Twitter Co-Founder Dorsey Talks Retention and Stability
Twitter co-founder Jack Dorsey has a lot to be happy about. Every time he hears a bird he thinks about his success. It seems that he can’t turn around anywhere anymore without hearing something about Twitter and how it is poised to take over the world or at least allows Ashton Kutcher to feel like he has a lot of pals. Interestingly enough, despite the immense success there appears to be little complacency at Twitter but rather a genuine interest in seeing the service do the basics well.
Dorsey recognizes that the retention factor is one that is in need of attention. He talked to Mark Milian of the LA Times last week while in Washington to visit the White House. Rather than talk about the glitz of the nation’s capital he talked about the sign up process for Twitter.
“Our sign-up process is still fairly weak,” Dorsey said. “It’s not the best way to suggest people to new users because they’re . . . not relevant to everyone. We just choose a random 20 selections from a pool of picks by Twitter staff, he said.
The folks at Twitter may be realizing that there could be limitations to who actually can understand and thus use the service effectively. They are looking for the best way to get new users of the service engaged right out of the gate. If it doesn’t happen early there appears to be a very significant drop rate after a month (60%) according to a report from Nielsen in April.
“It’s a hard problem to solve,” Dorsey said. “And the company is . .
. . . just on the edge of doing something about it. But I think it happens through search, basically.”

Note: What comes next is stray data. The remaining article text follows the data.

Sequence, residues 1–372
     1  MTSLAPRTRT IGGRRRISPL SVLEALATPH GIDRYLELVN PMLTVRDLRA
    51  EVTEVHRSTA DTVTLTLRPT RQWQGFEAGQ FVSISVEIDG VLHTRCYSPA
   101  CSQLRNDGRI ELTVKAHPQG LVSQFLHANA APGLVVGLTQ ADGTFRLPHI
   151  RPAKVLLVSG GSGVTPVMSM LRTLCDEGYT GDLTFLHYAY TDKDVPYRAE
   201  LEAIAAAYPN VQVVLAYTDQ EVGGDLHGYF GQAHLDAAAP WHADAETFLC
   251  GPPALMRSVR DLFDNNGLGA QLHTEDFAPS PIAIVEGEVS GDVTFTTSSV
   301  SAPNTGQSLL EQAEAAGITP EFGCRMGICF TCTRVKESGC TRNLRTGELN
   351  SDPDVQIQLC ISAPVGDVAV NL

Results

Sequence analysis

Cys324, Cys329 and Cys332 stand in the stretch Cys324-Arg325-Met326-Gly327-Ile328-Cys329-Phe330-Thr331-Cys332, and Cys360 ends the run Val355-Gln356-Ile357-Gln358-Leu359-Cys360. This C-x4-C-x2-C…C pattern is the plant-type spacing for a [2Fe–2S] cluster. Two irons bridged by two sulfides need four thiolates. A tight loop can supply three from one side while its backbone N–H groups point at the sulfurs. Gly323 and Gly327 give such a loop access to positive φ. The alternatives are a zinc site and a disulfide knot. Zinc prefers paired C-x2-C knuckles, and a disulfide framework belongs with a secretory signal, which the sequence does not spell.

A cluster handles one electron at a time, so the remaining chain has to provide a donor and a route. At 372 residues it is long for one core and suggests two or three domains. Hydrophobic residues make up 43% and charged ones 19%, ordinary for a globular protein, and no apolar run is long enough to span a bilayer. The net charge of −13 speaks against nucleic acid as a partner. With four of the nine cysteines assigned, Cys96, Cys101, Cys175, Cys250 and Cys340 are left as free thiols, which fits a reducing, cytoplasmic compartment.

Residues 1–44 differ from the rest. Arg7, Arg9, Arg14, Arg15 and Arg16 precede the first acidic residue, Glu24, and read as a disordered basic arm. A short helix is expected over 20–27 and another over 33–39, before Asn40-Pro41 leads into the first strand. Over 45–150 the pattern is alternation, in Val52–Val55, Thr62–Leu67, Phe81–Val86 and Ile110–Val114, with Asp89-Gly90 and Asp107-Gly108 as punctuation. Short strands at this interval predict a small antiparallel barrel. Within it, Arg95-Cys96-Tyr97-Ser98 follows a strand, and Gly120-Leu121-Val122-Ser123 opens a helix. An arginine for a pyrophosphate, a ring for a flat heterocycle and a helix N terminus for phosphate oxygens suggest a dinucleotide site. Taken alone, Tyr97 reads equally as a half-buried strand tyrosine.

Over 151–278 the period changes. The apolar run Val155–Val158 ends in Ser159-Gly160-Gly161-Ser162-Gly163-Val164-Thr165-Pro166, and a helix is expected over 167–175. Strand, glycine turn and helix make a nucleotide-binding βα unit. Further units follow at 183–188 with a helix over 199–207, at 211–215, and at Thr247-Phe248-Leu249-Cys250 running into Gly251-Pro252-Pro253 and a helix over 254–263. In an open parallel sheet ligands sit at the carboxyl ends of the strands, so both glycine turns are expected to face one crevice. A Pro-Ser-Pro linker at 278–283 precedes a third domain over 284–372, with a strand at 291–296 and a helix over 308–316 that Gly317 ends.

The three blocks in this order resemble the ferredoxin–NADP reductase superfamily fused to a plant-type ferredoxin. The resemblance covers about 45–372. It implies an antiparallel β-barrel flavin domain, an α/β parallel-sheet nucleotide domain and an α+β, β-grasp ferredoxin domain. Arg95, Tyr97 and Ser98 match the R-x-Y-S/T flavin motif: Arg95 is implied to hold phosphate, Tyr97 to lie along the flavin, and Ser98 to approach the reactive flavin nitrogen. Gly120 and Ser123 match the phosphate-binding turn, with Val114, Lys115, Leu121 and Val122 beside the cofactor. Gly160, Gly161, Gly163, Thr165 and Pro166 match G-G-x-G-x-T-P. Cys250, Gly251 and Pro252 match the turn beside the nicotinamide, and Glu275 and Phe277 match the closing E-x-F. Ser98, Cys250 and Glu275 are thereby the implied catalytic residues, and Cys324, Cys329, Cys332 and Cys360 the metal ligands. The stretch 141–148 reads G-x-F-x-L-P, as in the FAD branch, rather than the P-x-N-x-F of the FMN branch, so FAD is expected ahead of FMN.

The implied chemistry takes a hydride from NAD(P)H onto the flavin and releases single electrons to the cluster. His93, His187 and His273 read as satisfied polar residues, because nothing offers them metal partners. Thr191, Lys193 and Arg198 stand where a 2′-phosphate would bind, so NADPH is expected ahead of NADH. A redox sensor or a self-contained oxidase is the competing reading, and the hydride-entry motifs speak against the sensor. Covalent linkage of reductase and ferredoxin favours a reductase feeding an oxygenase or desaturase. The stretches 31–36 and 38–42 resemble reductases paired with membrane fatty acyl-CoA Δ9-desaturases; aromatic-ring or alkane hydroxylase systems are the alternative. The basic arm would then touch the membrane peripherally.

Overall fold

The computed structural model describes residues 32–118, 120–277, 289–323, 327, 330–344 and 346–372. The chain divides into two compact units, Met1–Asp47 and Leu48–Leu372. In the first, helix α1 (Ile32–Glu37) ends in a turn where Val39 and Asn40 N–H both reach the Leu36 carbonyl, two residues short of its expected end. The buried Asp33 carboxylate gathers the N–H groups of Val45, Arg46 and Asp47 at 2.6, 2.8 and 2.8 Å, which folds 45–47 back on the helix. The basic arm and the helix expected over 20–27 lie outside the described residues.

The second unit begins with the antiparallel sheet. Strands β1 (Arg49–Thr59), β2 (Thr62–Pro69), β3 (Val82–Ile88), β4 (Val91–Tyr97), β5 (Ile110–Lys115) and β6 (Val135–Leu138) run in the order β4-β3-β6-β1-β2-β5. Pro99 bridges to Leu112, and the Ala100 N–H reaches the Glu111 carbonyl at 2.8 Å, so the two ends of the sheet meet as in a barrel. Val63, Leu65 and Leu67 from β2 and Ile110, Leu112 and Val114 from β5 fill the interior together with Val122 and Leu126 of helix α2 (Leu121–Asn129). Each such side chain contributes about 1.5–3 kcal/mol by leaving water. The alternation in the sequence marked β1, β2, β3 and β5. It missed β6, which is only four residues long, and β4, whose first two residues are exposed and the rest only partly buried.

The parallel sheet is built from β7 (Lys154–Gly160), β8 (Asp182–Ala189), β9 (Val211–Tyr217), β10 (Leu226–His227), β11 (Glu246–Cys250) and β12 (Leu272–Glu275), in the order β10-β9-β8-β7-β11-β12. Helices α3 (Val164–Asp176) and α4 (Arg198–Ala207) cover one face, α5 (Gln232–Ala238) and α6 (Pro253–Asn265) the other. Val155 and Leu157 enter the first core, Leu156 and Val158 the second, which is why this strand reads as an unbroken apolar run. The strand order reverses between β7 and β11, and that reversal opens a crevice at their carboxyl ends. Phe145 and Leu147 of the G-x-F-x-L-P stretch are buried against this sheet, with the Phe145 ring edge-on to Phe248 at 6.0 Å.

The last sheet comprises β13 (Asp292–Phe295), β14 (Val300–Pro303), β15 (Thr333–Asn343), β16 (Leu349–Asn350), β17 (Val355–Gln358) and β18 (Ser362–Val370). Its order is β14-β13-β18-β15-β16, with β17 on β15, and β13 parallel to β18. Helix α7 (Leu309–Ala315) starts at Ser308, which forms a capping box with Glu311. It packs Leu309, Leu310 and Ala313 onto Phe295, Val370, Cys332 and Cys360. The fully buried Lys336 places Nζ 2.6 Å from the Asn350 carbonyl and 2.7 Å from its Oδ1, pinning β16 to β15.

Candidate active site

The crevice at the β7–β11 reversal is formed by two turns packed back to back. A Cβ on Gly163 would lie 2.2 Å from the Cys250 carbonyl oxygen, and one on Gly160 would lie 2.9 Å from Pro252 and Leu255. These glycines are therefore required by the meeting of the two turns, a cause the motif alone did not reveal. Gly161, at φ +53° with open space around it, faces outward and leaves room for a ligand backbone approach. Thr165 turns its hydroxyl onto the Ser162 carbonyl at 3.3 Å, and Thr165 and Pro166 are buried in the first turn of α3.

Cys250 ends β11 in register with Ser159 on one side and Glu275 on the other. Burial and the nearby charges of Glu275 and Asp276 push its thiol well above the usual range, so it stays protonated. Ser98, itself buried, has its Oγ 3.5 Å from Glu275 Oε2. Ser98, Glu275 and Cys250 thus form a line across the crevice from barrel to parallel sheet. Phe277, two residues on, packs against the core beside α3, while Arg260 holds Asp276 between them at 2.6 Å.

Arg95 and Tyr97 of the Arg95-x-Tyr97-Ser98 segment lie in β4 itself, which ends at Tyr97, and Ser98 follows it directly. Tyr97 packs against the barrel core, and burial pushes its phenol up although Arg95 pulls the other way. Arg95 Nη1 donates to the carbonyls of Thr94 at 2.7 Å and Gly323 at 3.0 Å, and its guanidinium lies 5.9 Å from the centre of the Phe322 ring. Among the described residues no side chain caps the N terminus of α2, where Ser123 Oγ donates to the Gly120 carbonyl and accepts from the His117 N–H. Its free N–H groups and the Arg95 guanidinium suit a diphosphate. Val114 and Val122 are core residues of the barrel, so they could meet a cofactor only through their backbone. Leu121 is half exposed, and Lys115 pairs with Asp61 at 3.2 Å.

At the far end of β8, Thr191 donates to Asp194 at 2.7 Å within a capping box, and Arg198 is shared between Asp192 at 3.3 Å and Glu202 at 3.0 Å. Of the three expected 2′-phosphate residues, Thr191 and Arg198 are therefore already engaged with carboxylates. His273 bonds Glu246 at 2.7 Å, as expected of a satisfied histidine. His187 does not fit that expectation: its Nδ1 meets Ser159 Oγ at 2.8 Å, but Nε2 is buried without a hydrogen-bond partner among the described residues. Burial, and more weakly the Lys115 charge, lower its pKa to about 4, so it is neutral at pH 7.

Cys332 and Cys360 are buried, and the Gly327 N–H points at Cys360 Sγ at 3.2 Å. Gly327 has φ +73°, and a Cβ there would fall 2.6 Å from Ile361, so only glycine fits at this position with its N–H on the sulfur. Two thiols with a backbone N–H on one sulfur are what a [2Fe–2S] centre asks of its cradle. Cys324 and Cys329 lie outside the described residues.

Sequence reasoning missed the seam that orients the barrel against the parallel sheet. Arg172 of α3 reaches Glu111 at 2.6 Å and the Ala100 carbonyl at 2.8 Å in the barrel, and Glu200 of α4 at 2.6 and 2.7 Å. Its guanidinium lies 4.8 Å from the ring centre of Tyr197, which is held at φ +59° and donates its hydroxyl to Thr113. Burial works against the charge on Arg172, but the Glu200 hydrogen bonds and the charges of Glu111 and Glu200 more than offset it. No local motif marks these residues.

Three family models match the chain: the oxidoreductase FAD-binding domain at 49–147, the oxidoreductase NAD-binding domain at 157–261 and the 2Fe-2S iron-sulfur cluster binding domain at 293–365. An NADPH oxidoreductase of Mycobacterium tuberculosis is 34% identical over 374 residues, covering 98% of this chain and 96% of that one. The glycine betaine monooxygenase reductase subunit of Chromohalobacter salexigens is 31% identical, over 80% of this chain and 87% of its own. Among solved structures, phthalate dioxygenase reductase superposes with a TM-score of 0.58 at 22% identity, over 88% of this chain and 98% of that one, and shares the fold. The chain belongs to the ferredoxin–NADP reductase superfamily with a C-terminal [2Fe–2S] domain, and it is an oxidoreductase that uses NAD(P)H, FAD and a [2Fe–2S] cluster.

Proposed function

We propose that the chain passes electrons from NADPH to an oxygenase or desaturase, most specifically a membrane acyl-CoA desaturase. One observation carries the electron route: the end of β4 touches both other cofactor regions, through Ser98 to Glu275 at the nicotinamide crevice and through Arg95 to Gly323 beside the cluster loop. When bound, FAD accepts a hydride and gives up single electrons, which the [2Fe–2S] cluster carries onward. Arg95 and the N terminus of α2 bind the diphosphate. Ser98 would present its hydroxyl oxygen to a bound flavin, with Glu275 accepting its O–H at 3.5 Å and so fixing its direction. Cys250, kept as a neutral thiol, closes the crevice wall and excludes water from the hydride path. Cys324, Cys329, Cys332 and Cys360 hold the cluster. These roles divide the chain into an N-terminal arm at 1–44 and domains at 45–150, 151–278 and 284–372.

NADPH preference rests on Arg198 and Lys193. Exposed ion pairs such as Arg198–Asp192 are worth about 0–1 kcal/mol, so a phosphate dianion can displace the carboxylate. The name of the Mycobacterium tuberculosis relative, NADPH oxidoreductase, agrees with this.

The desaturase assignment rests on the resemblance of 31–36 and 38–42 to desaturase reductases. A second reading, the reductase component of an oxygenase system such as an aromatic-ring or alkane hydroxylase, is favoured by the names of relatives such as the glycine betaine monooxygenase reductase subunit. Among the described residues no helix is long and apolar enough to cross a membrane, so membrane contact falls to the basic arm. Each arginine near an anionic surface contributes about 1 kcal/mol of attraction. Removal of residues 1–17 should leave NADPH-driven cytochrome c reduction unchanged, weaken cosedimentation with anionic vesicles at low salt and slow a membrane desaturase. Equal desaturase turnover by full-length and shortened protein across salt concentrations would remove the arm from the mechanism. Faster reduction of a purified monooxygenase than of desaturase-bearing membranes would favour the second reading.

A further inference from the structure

Twitter recently redesigned its home page to incorporate search, giving users a window into others who might have the same interests.
What was more interesting in the musings of Dorsey was the concern about the stability of the service. Apparently hockey stick shaped growth charts can make the tech folks tremble a little. The specter of the Fail Whale weighs heavy on the folks at Twitter.
“We’re still building the utility aspect,” Dorsey said. “So we’re still doing a lot of stability work. Along those lines, we want to sustain more people, so we need to work on the product to add features to promote more usage. And in order to sustain that whole thing, we need revenue at some point.”
Oh that’s right, the whole revenue issue. With all of the competition between Twitter and Facebook it’s interesting because Facebook is trying to be more “Twitteresque” in its service. Meanwhile Facebook is actually generating some revenue these days. Dorsey recognizes how the lines are blurring ever so slightly.
“We’re definitely flattered because it is moving more into our direction,” Dorsey said of Facebook’s recent redesign, which emphasizes status updates. He said the changes seem to do a good job of simplifying Facebook.
The folks at Twitter seem to feel that the real importance of Twitter is actually something that is mentioned when it comes to comparisons with Google: search.
“The other big thing is search,” Dorsey said. On Twitter, “people are not only following people, but they’re following topics. They’re following locations. They’re following keywords and hashtags and conversations.”
“You can’t do that right now on Facebook,” he continued. “They may change the service again. They may get more and more close to what we’re doing.”
Seems to be a lot on Mr. Dorsey’s mind these days and it appears as if 140 characters aren’t going to cover it for the moment.